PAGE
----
Something Must Be Done About Prince Edward County is a look at part of the Civil Rights movement that I wasn't aware of. In Prince Edward County, Virginia, the order to desegregate public schools was not well received by white residents, especially given that black students in the County public schools had been among those involved in Brown v. Board of Education. Whites had no intention of letting their children be educated in the same building as blacks, so they came up with a solution: the county defunded all the public schools and closed them, while at the same time opening a whites-only private school.
This arrangement continued for five years. When the County finally gave in to pressure and reopened a public school that would be integrated, the private school remained open as well--and not surprisingly, most white students stayed at the private school, effectively maintaining segregation for many more years. During those years, there were hundreds of black students who found themselves either having to forego education (and many remained illiterate for decades), or they found themselves pawned off to relatives in other counties, where they could attend a public school, breaking families apart. One enterprising family bought an old house in another county and drove their children to it each day, instructing them to enter through the back door, then run out the front door when they saw the school bus coming, even though no one actually lived there. Eventually so many other children joined them, they nearly filled an entire bus at that stop.
Even once the public school was reopened, things were far from equal. The County provided as little funding and support as it could. The private school eventually not only began accepting black students, but recruiting them--especially the athletic ones. Whites who wanted to send their children to the public school were threatened in various ways. Today, author Kristen Green writes, the school district is failing, its resources spread too thin, and with the recently renamed private school still a constant reminder of the County's horrific abandonment of the black children for all those years, racial tensions still exist.
It's a fascinating story about racism, especially in light of the Black Lives Matter movement. This didn't happen all that long ago, and according to the author, blacks in Prince Edward County are still not receiving quality educations, unless they can afford and are willing to attend the private school instead. And yet, some things have changed--just not nearly fast enough, and not nearly thoroughly enough.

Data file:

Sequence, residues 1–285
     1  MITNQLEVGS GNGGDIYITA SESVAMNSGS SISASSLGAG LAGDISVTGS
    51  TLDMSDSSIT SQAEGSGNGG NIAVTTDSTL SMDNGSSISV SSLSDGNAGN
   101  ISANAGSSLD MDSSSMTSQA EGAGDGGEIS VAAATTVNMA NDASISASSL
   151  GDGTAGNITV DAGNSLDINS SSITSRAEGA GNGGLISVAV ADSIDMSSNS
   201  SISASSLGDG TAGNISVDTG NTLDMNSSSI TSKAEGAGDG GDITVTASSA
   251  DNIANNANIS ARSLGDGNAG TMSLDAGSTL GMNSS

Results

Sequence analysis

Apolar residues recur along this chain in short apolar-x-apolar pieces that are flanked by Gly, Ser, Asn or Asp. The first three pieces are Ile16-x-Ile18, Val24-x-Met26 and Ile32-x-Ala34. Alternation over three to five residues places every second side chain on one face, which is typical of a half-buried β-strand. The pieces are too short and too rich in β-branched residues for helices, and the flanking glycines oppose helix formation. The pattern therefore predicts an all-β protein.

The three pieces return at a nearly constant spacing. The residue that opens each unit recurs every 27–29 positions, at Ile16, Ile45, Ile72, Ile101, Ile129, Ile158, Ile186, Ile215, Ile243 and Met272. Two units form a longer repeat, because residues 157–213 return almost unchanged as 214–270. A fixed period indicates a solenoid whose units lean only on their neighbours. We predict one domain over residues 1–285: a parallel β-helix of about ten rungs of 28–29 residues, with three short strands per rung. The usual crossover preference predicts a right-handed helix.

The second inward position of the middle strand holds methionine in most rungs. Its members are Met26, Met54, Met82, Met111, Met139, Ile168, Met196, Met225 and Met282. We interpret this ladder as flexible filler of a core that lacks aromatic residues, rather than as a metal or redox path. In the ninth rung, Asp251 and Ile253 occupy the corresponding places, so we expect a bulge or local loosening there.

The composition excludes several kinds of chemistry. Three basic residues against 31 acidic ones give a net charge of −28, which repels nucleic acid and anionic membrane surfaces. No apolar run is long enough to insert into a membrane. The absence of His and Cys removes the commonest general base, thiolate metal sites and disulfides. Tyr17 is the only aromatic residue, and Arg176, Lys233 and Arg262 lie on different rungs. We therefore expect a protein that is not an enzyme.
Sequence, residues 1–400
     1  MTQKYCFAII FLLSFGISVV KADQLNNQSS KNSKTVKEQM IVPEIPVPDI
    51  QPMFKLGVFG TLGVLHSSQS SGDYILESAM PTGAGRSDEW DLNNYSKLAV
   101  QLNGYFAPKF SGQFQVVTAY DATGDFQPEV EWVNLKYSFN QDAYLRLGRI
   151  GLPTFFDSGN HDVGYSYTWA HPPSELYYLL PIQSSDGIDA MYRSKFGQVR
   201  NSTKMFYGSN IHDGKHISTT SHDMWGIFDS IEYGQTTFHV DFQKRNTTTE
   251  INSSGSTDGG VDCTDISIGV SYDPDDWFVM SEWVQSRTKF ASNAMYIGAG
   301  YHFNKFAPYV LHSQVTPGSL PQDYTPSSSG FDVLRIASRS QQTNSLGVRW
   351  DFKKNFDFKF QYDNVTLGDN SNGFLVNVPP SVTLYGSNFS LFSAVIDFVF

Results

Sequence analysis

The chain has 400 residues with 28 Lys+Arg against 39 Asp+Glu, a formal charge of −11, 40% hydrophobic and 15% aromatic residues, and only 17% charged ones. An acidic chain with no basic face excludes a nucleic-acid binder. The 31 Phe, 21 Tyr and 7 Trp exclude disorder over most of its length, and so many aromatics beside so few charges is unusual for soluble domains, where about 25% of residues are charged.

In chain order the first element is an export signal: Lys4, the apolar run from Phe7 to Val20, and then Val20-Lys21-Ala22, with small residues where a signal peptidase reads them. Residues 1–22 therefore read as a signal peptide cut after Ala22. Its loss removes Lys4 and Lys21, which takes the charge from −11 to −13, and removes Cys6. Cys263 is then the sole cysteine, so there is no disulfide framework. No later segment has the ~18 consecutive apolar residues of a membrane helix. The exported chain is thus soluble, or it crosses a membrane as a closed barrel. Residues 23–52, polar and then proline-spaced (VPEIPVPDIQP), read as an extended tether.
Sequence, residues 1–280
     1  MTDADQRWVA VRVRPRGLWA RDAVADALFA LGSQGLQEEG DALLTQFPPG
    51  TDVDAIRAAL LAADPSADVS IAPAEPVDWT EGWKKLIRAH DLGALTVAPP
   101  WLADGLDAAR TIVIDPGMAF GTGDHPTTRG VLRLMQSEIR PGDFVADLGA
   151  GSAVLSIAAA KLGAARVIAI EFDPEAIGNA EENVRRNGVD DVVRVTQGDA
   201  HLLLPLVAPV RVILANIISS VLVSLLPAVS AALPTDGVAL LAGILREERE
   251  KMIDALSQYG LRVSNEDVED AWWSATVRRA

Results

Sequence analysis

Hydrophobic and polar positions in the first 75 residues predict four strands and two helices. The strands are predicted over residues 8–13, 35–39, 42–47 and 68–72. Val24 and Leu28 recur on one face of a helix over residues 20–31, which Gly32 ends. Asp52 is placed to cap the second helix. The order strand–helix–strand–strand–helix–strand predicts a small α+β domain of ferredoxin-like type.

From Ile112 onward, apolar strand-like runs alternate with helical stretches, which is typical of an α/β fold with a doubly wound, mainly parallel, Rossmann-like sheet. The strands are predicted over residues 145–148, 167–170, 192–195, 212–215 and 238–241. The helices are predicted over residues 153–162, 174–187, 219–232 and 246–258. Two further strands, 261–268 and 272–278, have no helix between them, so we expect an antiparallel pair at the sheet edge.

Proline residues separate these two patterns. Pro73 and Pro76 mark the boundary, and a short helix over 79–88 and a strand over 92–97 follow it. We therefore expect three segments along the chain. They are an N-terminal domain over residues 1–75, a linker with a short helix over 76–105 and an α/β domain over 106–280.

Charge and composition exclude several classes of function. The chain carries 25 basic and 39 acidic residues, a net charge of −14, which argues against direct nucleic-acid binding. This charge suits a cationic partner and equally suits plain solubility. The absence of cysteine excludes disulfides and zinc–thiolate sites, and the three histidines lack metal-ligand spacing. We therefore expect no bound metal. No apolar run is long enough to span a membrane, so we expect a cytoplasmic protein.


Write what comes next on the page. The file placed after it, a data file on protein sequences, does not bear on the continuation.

That brings me to one problem I had with an otherwise well-done book. Author Green's grandparents were active members of the group that fought against desegregation and supported the private school. Green herself attended it as a child. Her grandparents are dead, so she was not able to interview them about their actions and their beliefs. She frames the book around her personal experience with grandparents who were otherwise wonderful, and at times seems almost to grieve that they were involved in such a heinous action. Other times she tries to justify it, saying they were the product of their place and time. Then she tries to demonstrate how generations can change by pointing out that she herself married a brown man and has biracial children. That's great--but while her family needed two generations to get to that point, how many black children lost out on a good education or were separated from their parents during that same time?
It's a bit confounding to have had a white woman write this book, especially with the framework she uses. Sometimes it works to great effect, as she describes the relationship her grandmother had with her black housekeeper, Elsie. Elsie ended up sending her daughter out of state to be educated, while she continued working for one of the families that caused her to become a long-distance mother. It's a tremendously complicated relationship that lasted decades.
But too often, Green talks about things like the wonderful birthday party her daughter had, with a rainbow cake and guests all the color of the rainbow. It's strained. It makes me wish there was a black counterpart to this narrative. Green did considerable research and conducted lots of interviews, but still, her viewpoint is the dominant one. It's as if she's trying to convince the reader that she's not racist, even if her grandparents were. The funny thing is, the context of the book already makes that clear; there's no question that she thinks the closing of the schools to blacks was a terrible injustice, and she documents in great detail how it has played out through subsequent generations. If she were a hardcore racist, this is not a story she would tell.
I guess it's a start, and given that Green documents the desire whites in Prince Edward County have to let bygones be bygones--and preferably completely forgotten bygones--she's done a service by compiling these stories, so they aren't airbrushed out of history. Now if only she'd do a follow-up book that would be more of the black perspective instead.